@thumper1 not much has changed except the way we report these health insurance costs. Our prior cpa included them as a business expense on the 1120. Our new cpa says that was not technically correct, so now we deduct them on our 1040. Seems minor, but if it is true that this is added back to income for FA purposes, then it would be a net increase of $40k income for FA purposes. Hence my concern :)

    Yes, you read my mind with the talk of merit. We are starting with the best case scenario need-based aid schools. If any of those fit the budget then they can be included. If not, they stay off the list. The bulk of the list will be merit or in state.
  • thumper1thumper1 Registered User Posts: 64,970 Senior Member
    Ok...I'm confused...you are laying $40,000 a year in health insurance for you and your family?
  • politepersonpoliteperson Registered User Posts: 120 Junior Member
    $20 k per year is what the company pays for our coverage. In the past, this was deducted as an expense on the business taxes before we received our k-1. We didn't deduct it on our personal taxes. Now, however, it is no longer treated as an expense on the business taxes. So our profit on the k-1 has increased by 20k. But we deduct the same 20k on our taxes, so the net effect is zero for tax purposes. But if that personal deduction is added back for NPCs/FA purposes, then our income increases by 20k (lost personal deduction) on top of the 20k increase in profit (lost business deduction). It doesn't seem like FA offices would intend that result, but I'm a bit biased :)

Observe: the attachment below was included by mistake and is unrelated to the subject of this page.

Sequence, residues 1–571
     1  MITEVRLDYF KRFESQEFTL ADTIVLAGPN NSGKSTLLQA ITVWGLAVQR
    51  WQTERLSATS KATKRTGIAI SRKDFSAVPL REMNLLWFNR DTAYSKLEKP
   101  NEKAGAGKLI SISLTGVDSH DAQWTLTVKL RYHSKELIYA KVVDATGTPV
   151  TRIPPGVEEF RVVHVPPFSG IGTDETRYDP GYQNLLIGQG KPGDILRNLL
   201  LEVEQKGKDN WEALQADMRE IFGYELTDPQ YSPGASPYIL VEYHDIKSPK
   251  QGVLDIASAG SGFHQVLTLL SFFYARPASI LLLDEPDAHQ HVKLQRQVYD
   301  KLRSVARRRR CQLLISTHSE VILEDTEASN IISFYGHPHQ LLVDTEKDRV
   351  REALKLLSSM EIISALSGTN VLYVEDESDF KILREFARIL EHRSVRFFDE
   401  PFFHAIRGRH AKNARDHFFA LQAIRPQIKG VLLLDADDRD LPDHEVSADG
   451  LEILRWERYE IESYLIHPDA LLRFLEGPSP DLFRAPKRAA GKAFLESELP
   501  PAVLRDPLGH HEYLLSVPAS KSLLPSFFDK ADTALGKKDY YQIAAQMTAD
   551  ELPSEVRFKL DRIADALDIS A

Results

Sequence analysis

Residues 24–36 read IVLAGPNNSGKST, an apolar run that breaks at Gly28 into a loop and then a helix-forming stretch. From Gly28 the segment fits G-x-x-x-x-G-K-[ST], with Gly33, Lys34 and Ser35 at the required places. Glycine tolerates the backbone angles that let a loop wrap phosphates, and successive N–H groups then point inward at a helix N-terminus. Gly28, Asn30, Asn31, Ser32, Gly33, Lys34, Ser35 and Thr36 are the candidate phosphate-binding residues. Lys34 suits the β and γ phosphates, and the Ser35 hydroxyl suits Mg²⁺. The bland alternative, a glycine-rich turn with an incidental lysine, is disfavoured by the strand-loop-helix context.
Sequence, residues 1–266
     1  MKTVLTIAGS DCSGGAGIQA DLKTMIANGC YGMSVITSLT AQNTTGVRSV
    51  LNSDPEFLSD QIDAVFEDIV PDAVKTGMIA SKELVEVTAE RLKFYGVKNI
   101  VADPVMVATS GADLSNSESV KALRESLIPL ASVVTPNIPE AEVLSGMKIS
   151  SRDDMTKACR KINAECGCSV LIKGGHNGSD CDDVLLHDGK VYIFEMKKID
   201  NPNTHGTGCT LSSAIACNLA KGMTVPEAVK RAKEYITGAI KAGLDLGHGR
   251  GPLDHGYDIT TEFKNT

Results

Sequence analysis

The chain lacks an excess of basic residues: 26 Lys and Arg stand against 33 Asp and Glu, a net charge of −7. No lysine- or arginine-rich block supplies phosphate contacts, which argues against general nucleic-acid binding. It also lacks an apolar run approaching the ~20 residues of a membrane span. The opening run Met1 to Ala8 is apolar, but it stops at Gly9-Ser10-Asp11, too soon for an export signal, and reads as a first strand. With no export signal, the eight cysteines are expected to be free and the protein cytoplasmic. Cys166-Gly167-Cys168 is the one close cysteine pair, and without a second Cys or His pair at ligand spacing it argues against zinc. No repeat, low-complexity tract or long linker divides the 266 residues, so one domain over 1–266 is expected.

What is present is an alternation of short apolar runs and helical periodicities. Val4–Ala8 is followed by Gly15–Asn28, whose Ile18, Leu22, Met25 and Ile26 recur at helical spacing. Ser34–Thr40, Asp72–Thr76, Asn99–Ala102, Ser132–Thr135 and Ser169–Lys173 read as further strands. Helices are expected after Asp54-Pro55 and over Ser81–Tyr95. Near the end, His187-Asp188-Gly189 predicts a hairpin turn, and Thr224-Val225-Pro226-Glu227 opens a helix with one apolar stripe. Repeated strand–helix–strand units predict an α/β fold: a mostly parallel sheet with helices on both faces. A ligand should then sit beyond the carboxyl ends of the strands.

• Madison85Madison85 Registered User Posts: 10,428 Senior Member
    edited June 2017
    The profit isn't increased by $20k on the K-1 because shareholder wages are increased by $20k for this benefit (and reported on the W-2) while the S corp takes a corresponding deduction.
  • politepersonpoliteperson Registered User Posts: 120 Junior Member
    @Madison85 it doesn't look like ours were done that way. No s corp deduction, and the amount wasn't added to wages. Just passed through as a deduction on the k-1. I will check with the cpa for an explanation. Shouldn't affect anything tax-wise, but does have an outsize effect on the NPC when done this way.
  • politepersonpoliteperson Registered User Posts: 120 Junior Member
    @Madison85 thanks for the link. I'll forward to our managing partner. Any idea if colleges treat the deducted health insurance costs as income?